Re: SERIOUS: Formal vs. informal organizations

Subject: Re: SERIOUS: Formal vs. informal organizations
From: Elna Tymes <etymes -at- LTS -dot- COM>
Date: Sun, 7 Mar 1999 20:32:07 -0800


> It seems to me, that some of the most productive and impressive
> organizations I have worked with, have little to no organization.
> When I worked at Microsoft a few years back, I was floored with the
> chaotic environment at first. No guides, no managers (in the
> traditional sense), no hierarchy, just a "get it done or we'll all
> die" attitude.

Andrew, Andrew, Andrew - so late in life you come upon the elementary
observation: in the work world, there are process people and there are product
people. And the two sets truly don't understand each other. Yet both are
necessary in well-functioning, productive organizations.

Product people are the kinds you describe as code cutters and and writers at
Microsoft. These are the ones generally there late at night or on weekends or
busting their buns to get something out the door on time. These are the ones
who have a "do what it takes" attitude toward pleasing a client. These are the
ones your contracting firm loves.

However, process people are the ones who sign the checks. And often the time
cards. Process people define the rules by which you determine whether you're
done. Process people can also be - and frequently are - quite political
because they understand the sometimes rather arcane rules by which a company or
a structure within a company defines "success." They are far more concerned
about the group in power feeling good about decisions, willing to bet their
careers on a particular vote. Not unreasonably, process people are often
marketeers (note: these are not the same thing as sales people) and senior
executives, the kind who talk to Big Customers and to stock market analysts,
who help create the environment in which buy decisions can be made.

> So, what does this little tale reveal? I think the key to successful
> organization is personal relationships and not organization. This
> seems to be an overwhelming reality I see in business, writing, just
> about everything. The closer and more friendly you are with people,
> the more productive you can be as a team. Excessive rules and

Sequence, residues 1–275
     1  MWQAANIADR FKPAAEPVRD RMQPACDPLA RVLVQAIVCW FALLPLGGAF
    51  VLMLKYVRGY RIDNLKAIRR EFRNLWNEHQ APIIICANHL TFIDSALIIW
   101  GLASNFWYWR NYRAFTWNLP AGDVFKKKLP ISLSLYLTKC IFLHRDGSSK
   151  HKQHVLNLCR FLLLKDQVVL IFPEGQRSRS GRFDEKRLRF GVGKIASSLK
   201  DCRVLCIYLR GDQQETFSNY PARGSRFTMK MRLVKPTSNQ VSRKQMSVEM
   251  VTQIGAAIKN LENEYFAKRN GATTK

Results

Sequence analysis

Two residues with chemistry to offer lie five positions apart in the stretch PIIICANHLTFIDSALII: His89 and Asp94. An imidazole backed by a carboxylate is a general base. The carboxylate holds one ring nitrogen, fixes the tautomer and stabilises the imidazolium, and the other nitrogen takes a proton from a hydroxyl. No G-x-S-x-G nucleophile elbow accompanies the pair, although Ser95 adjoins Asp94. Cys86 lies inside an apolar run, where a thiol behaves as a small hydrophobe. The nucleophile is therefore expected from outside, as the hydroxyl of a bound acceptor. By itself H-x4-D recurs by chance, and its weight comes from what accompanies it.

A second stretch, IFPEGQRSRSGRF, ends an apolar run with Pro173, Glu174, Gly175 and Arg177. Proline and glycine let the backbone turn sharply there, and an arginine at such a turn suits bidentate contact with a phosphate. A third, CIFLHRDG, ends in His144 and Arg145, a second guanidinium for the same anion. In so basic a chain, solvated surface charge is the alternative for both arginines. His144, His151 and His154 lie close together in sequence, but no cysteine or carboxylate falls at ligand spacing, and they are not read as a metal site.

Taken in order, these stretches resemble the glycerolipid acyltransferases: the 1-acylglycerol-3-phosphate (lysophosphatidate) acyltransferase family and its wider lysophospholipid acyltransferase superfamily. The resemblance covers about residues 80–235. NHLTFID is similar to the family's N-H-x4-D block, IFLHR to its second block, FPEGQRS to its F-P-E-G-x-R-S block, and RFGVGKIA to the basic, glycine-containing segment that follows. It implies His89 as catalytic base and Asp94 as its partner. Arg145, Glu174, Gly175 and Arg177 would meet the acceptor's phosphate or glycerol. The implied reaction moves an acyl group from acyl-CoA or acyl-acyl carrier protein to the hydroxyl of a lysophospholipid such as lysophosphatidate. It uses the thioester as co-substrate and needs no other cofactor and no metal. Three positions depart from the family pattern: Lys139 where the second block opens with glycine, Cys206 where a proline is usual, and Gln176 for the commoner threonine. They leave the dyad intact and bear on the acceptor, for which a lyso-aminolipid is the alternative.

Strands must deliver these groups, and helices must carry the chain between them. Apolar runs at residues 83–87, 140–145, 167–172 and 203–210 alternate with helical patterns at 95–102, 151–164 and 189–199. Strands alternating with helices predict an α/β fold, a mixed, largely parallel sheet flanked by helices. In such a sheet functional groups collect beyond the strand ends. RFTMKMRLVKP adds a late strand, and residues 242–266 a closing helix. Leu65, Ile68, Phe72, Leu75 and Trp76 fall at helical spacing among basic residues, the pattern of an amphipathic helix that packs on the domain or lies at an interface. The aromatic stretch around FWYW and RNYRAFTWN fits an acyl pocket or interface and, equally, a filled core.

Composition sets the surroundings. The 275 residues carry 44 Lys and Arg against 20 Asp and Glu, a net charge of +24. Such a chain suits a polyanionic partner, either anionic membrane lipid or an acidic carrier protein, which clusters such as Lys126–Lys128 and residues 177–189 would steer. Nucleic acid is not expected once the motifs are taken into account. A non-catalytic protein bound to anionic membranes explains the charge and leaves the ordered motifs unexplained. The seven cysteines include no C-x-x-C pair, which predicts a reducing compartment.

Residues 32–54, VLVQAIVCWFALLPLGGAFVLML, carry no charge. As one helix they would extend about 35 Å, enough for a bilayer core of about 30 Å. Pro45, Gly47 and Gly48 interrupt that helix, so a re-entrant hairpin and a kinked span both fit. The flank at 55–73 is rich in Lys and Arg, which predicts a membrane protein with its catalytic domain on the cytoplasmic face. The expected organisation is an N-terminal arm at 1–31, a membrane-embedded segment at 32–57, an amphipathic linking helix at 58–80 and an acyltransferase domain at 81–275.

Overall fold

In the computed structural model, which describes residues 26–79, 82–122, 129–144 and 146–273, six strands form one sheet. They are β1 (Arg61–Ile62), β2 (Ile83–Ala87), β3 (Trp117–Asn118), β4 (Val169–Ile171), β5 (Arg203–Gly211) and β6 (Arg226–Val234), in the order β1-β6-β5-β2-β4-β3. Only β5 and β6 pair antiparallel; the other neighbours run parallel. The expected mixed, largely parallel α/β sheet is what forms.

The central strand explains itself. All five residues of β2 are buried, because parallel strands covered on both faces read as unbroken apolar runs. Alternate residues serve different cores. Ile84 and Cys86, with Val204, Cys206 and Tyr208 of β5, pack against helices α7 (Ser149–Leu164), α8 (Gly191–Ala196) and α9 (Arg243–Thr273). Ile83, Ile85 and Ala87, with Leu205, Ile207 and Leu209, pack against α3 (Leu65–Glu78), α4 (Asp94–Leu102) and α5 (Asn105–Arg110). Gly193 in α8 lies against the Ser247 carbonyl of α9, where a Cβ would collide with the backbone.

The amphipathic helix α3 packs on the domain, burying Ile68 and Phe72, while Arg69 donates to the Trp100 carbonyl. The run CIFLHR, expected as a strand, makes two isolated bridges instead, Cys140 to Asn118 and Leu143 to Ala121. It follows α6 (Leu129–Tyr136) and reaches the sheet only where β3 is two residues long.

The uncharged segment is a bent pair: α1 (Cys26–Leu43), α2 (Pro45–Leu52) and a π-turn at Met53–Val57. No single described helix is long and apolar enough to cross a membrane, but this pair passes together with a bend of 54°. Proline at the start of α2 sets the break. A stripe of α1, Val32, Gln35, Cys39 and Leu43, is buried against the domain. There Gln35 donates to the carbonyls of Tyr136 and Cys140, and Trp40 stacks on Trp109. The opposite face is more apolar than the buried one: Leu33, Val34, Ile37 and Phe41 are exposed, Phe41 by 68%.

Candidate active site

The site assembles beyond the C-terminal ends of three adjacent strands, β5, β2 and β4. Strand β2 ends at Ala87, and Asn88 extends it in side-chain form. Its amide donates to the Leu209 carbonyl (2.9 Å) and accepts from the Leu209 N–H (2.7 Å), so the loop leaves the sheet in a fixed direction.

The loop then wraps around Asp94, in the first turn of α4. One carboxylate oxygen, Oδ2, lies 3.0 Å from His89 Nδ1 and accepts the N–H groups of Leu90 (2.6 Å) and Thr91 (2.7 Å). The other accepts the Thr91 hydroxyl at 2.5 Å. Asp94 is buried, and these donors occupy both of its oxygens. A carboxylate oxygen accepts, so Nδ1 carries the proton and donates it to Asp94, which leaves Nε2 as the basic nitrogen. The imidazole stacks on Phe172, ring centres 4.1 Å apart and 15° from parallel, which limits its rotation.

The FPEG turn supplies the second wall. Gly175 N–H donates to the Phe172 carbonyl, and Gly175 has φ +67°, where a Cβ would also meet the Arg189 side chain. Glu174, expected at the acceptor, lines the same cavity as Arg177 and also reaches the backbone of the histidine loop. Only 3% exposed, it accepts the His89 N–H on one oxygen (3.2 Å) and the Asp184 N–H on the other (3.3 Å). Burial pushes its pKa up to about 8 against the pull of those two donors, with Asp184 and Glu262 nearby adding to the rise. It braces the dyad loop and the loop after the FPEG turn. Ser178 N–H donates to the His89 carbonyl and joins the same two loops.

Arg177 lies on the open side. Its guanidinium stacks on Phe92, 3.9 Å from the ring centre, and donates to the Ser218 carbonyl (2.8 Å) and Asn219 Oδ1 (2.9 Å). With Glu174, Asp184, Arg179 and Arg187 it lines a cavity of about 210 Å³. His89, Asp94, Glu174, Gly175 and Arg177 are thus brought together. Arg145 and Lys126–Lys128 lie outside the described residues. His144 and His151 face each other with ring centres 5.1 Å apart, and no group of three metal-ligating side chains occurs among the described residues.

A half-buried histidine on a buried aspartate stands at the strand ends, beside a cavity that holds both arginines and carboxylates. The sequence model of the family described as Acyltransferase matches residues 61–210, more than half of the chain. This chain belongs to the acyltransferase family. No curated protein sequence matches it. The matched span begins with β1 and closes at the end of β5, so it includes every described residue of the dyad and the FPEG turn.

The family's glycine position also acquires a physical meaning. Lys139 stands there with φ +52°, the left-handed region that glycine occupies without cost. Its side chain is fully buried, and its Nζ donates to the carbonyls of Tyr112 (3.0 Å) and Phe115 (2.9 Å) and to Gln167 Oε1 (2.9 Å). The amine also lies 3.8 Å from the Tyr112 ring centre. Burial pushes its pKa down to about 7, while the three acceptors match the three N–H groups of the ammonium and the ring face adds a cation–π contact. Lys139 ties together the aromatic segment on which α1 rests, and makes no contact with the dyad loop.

> regulations bog a team down.

No, my friend. The key to *productive* relationships is personal relations,
with a mimum of overlying organizational structure. However, the key to
*successful* organizations is something else again. And that depends on how
success is defined.

> People seem to work best when they have personal bonds between the
> members of the group. Email and phones encourage abstraction between
> people.

Actually I disagree with that. In my rather lengthy experience in this
industry, I find that personal relationships are important, but that email and
phone contact is a useful and extremely cost-effective way of augmenting those
personal relationships. We just delivered a project for a client under very
difficult conditions, compounded late in the project by the company president
chewing out the doc manager because of the state of one manual that had been
released to beta customers a month earlier. Because we'd been working on the
doc during the subsequent month, we were able to put out an udated draft within
a couple days of said chewing out, and within a week the company president was
getting positive comments from the same beta customers who'd complained the
week before. Part of that turnaround resulted from us bribing the development
crew with both lunch and some lightweight coercion until we got our questions
answered, but the writing team took that source material, scattered to their
respective home-offices and got their respective parts of the doc fixed and
reorganized in record time. Here we had a requirement that we sit the
developers down in the same room until they did the reviews they'd been
avoiding (this qualifies as 'personal relationships', I believe) but the whole
production effort was done by phone and email.

> Yet many organization and people preach the gospel of proactivity as a
> defense of bureaucracy and excessive planning: ?we have to be
> proactive in our approach to ensure we are properly using our
> resources.? The tyranny of ?proactivity? has turned people into
> analysis-paralyzed drones. In the race to account for everything,
> they accomplish nothing.

I don't agree. Planning done in advance of going somewhere ensures that you'll
get where you intended. Planning documents serve as reference information when
someone is trying to understand the context for a particular product. Granted,
overly detailed planning and minute accountability get in the way of actually
accomplishing something, but periodic meetings to assure you're on track lets
the various elements of the coordinating team see problems before they become
show-stoppers and lets resources get deployed to handle the unexpected. The
challenge is to use planning and guidelines as tools in the process of getting
something done right.

Elna Tymes
Los Trancos Systems

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